Understanding why we feel unorganized and what we can do about correcting this feeling is the goal of Dr. Daniel Levitin’s new book, The Organized Mind. Dr. Levitin is the James McGill Professor of Psychology and Behavioral Neuroscience at McGill University, and is a best selling author. In this book, Dr. Levitin teaches us how the mind reacts to many difficult problems of modern life, and explains ways of thinking to help gain perspective. One of his key points that he comes back to again and again is using brain extension tools, but he doesn’t go deep into which ones to use. After reading this book I hope to show how an analog tool like a notebook can help solve the many example problems Dr. Levitin addresses.
“Writing things down conserves the mental energy expended in worrying that you might forget something and in trying not to forget it. The neuroscience of it is that the mind-wandering network is competing with the central executive, and in such a battle, the mind-wandering default mode network usually wins.”
I don’t believe that a notebook is perfect for everything such as calendar entries, team collaboration, and other items that involve more that one individual, but for brain-dumps, mind mapping, task tracking, blog entry planning and other personal work, the notebook is an easy choice. It can be very portable if we use pocket size notebooks, it is a highly acceptable means of taking notes in any circumstance (as opposed to typing in a one on one meeting), and is very reliable. By relaxing our brain to focus on one task, and not needing to worry about all the other things we should be doing, we can accomplish more in less time.
Multi-tasking is the enemy of a focused attentional system:
“We can’t truly think about or attend to all these things at once, so our brains flit from one to the other, each time with a neurobiological switching cost.”
If you are mentally tired at the end of a busy work day, this could be the culprit, especially if you are asked questions throughout the day, complete many different small tasks, and get distracted while trying to focus on one thing. The switching literally burns more calories when having to switch back and forth, and more importantly it uses up glucose, the sugar our brains need to make decisions. If you waste energy trying to remember multiple things, and cannot focus on one task, Dr. Levitin believes you will end up more tired than if you could get your thoughts out of your head to be actioned at the appropriate time.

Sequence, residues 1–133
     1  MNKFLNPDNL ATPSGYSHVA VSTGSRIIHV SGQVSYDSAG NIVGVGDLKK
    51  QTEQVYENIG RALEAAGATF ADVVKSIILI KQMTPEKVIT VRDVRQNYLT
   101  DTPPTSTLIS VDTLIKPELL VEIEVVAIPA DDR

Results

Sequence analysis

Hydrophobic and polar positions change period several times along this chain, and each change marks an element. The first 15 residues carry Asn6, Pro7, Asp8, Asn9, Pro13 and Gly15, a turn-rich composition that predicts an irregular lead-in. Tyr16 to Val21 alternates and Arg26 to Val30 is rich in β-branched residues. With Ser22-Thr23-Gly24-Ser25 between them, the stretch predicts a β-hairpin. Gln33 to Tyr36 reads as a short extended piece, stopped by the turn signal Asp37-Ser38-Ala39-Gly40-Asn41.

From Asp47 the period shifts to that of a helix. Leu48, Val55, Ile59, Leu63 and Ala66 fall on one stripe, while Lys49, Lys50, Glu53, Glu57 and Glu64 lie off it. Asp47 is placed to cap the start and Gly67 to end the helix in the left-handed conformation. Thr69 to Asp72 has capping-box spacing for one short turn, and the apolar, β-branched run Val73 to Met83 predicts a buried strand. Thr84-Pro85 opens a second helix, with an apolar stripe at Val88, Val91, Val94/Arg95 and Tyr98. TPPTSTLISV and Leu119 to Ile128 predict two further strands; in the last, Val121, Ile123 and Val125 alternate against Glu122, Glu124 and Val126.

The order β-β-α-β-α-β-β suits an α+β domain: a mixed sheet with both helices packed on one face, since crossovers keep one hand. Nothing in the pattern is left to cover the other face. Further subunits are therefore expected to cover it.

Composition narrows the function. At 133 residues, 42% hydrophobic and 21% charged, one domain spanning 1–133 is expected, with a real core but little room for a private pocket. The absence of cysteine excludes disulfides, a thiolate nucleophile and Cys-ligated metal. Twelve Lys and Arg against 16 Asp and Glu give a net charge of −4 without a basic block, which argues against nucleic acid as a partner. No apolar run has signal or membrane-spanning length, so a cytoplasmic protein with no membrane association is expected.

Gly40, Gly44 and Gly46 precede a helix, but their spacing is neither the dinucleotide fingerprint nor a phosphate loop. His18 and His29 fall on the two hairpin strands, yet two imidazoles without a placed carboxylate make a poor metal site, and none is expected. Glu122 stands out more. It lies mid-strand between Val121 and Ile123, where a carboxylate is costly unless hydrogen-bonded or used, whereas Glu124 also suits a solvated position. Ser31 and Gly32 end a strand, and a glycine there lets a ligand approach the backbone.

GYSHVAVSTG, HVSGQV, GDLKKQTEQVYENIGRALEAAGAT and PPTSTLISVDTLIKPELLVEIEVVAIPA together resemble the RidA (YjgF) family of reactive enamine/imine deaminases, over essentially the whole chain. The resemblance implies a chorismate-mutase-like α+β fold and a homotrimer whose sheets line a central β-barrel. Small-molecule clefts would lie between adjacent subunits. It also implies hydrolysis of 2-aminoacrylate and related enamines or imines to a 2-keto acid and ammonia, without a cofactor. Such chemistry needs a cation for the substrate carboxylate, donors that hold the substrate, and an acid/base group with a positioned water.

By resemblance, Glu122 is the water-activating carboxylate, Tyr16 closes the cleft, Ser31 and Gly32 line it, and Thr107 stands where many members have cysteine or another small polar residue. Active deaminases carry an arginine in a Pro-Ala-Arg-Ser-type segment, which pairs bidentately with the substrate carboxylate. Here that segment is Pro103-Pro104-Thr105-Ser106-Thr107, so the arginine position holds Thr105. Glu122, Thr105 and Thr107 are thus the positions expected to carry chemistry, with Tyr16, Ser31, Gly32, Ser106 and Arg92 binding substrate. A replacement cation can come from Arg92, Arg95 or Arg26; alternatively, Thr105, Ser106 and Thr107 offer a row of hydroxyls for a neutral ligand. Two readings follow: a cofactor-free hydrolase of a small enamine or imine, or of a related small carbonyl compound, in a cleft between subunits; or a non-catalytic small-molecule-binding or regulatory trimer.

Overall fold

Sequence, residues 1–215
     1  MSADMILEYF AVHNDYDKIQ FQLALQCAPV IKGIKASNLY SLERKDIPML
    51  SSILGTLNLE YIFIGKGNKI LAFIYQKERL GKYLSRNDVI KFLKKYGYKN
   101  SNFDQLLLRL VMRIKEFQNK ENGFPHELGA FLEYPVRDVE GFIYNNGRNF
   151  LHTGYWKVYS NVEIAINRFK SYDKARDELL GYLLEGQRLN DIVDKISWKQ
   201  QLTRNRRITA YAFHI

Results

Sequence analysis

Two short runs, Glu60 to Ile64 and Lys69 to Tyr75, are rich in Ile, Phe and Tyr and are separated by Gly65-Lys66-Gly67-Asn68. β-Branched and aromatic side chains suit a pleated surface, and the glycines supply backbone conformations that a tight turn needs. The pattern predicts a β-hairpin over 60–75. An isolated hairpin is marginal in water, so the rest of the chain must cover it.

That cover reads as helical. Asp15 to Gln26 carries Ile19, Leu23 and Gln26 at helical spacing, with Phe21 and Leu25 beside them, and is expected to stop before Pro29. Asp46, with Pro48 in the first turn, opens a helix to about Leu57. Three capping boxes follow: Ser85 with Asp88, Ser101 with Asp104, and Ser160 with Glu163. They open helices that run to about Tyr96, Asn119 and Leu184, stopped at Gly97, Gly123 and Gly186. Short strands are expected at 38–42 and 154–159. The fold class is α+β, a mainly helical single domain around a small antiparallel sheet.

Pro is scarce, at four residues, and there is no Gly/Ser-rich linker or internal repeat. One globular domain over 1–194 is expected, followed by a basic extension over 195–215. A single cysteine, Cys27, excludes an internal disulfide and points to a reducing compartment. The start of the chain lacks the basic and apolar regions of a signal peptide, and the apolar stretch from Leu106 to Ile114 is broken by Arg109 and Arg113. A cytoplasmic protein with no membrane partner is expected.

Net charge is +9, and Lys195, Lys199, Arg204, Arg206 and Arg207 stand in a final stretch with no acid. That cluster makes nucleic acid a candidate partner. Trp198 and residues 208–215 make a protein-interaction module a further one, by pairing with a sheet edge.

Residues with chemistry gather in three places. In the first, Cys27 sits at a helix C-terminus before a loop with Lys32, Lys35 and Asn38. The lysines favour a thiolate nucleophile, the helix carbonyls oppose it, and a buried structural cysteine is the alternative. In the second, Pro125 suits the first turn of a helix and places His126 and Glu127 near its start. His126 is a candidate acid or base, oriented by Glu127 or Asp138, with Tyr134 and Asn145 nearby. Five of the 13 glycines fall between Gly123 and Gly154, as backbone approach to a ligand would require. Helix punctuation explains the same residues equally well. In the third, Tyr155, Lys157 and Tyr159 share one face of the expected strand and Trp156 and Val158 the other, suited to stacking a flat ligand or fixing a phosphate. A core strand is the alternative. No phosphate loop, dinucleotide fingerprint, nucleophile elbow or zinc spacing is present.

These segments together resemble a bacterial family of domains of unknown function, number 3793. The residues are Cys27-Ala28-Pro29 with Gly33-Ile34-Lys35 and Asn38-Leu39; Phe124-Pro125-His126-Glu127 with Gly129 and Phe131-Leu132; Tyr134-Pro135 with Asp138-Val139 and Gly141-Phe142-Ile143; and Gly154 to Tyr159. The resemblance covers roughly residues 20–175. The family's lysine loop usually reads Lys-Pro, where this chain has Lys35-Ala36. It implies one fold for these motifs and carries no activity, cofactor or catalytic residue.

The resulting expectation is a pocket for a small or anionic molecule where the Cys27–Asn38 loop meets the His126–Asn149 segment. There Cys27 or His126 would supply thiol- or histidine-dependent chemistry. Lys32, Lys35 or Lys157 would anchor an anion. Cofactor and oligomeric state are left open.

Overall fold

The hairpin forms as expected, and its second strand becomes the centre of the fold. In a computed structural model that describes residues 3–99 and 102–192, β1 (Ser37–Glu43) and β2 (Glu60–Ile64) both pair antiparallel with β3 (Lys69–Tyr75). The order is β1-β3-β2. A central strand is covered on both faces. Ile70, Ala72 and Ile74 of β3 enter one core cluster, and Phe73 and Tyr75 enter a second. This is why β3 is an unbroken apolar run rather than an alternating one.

When working on getting the things in your life organized,
“It practices putting together conceptually similar objects, putting together functionally associated objects, and all the while maintaining cognitively flexible categories.”
Much like you organize files on your computer, you can organize your notebook into useful categories the same way our mind works. Dr. Levitin references how organized a hardware store is and that it follows how we as humans, organize our thoughts into categories. The goal with these organization systems is to “provide maximum information with the least cognitive effort.” Otherwise, we ditch the system and go back to trying to remember important dates, ideas and to-do’s. Remember this, the mind is only capable of remembering about 4-7 things at a time. If you don’t offload the important ones, they are gone until either you recall them, or they come back to bite you.
“Flow states don’t occur for just any old task or activity. They can occur only when one is deeply focused on the task, when the task requires intense concentration and commitment, contains clear goals, provides immediate feedback, and is perfectly matched to one’s skill level.”
If you work in a corporate job you may have noticed that more managers are encouraging employees to take blocks of time and turn off distractions. This is the application of an old idea called the Pomodoro Technique, which is simply setting aside a short amount of time to concentrate on a task. This can be as simple as extending the time intervals that your email arrives, or as far as going into a space you have created to intentionally block out the rest of the world. To set this time aside however, you need to have a system to keep track of unrelated to-do items that come to you so you don’t worry about forgetting them. A notebook is great as it does not allow you to check email, texts, or Facebook at the same time you are trying to write down your thoughts.
If you are looking for a good notebook to help get organized, I wrote a post last month with ten of the best options out there.
Finally, I highly recommend 'The Organized Mind' as a great way to consider how to approach organizing the chaos in your daily life. You can find the book on Amazon here.